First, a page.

Thursday, December 31, 2009

Review of TaxBuzz blog 2009

The TaxBuzz blog is now over two years old and contains over 200 posts covering a wide range of tax related topics. As 2009 draws to a close, you may be interested to see this summary and review of my posts over the last 12 months.

At the start of 2009 I set myself a target to add at least two topical tax related commentary or policy related posts to the blog each week. I've tried to steer clear of trying to achieve the impossible - ie: commenting on every tax related story highlighted by the media. Equally I did not want this to become a series of posts about tax planning. So how would I decide what to write about? And could I identify a consistent style or approach?

How did I do?
Well, in 2008 there were only 86 posts. In 2009 we moved up to 113 including this one. So, on average I exceeded my target although I didn't manage 2 posts every single week. Looking back I can see that some of the posts are much longer than I would have liked - and longer than I had anticipated. As Abraham Lincoln is reputed to have said: “I'm sorry I wrote such a long letter. I did not have the time to write a short one.” One of my ambitions for 2010 is to write shorter pieces for the TaxBuzz blog.

As you might expect from the note at the top of this blog many of the posts were inspired by tax related stories in the media. In some cases I simply offered support, clarification and, where appropriate, balance. More frequently though I questioned, challenged or disputed news reports that had the potential to mislead; I sought to offer a more informed view. This was particularly evident when I posted 3 items by reference to the TV programme 'Taking on the Taxman' last April. Here's a reminder of some others:
There were 4 other key areas of focus in 2009:
  • Forecasts, predictions and insights - Anticipating the impact and behavioural changes that will follow from tax developments and announcements;
  • MPs expenses - I first started writing about the tax related issues in a post on 11 February 2008, then in January and March 2009 before a series of posts in May 2009 when the Telegraph revelations were published. I've returned to the subject a couple of times more recently too.
  • Hard to believe - a number of posts highlighted bizarre but true topical stories about our tax system.
  • Tax avoidance - even I'm surprised by how often I have written about this subject. Many posts highlight the commonly overlooked risks and downsides of structured schemes; others refer to misunderstandings as to what the system allows; and others refer to changes in the tax rules that affect the likely success and penalties for abusive tax avoidance and tax evasion.
Many thanks to all those who have read, linked to, retweeted, ticked the reaction box at the end of a post or added comments to posts on the TaxBuzz blog this year.

It was quite instructive to look back at all the posts made during 2009. Many stood out and some I had forgotten. One of these amused me especially. It's from February and was titled: Instead of customers, why doesn't the taxman call us...? Having considered many options, including those suggested by others, my conclusion was that we should be known as CBI (Companies, Businesses and Individuals).

Please feel free to add below your thoughts and perceptions of the TaxBuzz blog 2009.

Wednesday, December 30, 2009

Inheritance tax - Who's right? Who is really at risk?

The two main parties are arguing as to the impact of inheritance tax and who would benefit if the rules were changed.

Back in October I posted an item here: IHT receipts FALL under Labour - what's going on? This followed a report in the Guardian that Inheritance tax drops to all-time low under Labour. Exploring the issue further I concluded that the number of estates paying IHT would fall in the immediate future. My conclusions were drawn from HMRC's data and the impact of recent changes to the IHT rules.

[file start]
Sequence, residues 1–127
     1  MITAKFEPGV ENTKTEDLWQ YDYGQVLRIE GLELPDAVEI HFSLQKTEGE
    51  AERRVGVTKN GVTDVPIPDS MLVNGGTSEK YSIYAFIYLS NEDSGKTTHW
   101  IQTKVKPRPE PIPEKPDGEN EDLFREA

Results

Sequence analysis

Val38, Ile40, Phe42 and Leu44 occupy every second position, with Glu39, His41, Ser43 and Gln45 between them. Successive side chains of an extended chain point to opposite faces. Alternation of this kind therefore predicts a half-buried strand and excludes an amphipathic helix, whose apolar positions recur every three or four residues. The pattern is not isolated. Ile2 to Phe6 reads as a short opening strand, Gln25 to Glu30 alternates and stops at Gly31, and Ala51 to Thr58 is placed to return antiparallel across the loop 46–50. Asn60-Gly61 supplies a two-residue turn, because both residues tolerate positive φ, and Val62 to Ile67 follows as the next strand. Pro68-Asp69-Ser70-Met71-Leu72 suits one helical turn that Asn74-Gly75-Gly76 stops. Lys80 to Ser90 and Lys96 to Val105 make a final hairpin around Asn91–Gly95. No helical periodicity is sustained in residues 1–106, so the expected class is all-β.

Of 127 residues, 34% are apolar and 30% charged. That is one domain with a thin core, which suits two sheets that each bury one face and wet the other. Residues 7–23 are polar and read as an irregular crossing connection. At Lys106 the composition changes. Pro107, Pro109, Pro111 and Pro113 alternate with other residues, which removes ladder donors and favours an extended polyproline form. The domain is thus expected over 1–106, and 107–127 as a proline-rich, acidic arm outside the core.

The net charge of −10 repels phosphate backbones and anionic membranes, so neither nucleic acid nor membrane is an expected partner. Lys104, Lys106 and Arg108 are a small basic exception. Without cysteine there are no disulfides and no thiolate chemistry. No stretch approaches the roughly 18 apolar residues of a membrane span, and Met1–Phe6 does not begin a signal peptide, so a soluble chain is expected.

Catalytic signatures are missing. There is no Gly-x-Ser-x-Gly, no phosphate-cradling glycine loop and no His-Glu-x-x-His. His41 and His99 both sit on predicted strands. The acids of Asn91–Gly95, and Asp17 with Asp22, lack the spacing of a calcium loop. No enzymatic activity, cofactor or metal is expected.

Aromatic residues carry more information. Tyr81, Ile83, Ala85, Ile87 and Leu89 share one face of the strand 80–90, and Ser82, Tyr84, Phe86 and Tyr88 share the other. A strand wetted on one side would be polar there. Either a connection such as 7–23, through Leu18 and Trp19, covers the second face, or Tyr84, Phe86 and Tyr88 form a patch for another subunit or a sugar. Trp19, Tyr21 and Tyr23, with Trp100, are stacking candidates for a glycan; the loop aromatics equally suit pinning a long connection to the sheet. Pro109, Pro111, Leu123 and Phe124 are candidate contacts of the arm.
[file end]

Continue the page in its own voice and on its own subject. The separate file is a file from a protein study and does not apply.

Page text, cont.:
I suggested that the number of estates paying IHT would fall, probably to something around 4% which accords with the Chancellor's later assertion in his PBR that "fewer than three per cent of estates will pay inheritance tax." Leaving aside arguments as to whether the tax is wholly "avoidable" if one is very wealthy and employs top tax experts, this is not going to affect 'Middle-England'.

The Tories have now extrapolated data from the Office of National Statistics that seems to show that over 4 million adults have non-pension wealth above the current inheritance tax threshold of £325,000. And this leads to the conclusion that one in five families and one in 10 people above the age of 18 are potentially liable to IHT.

It's simply not true however to suggest that "More than 4million face inheritance tax bombshell under Labour." Over and above the £325k per head exemption the rules also provide further exemptions (in effect) for qualifying business and agricultural assets.

These exemptions also mean that some very wealthy people are not currently subject to IHT as there is no cap on the value of qualifying assets that can escape IHT.

In any event, it seems fair to review the Government's data to which I referred above. If it is wrong the Tories' plans will benefit Middle-England as they assert. On the other hand, if the data is reliable, the Tories' plans will simply improve the well being and perceptions of Middle-England as they are not really at risk of a substantial liability to IHT.

The real issue is the soaring value of houses (homes) owned by people when they die and the disparity in such values across the UK. The average price of a home is now £162k so to many people only the very wealthy own homes worth £800k (which together with other assets could take an estate upto £1m). However in parts of London and the South East this is not uncommon. And I assume this is why the Tories want to raise the headline threshold so high. It might be less contentious to do something I think John Major suggested in the 1990s and John Redwood proposed, to a degree, in 2007. To exempt the main home from IHT?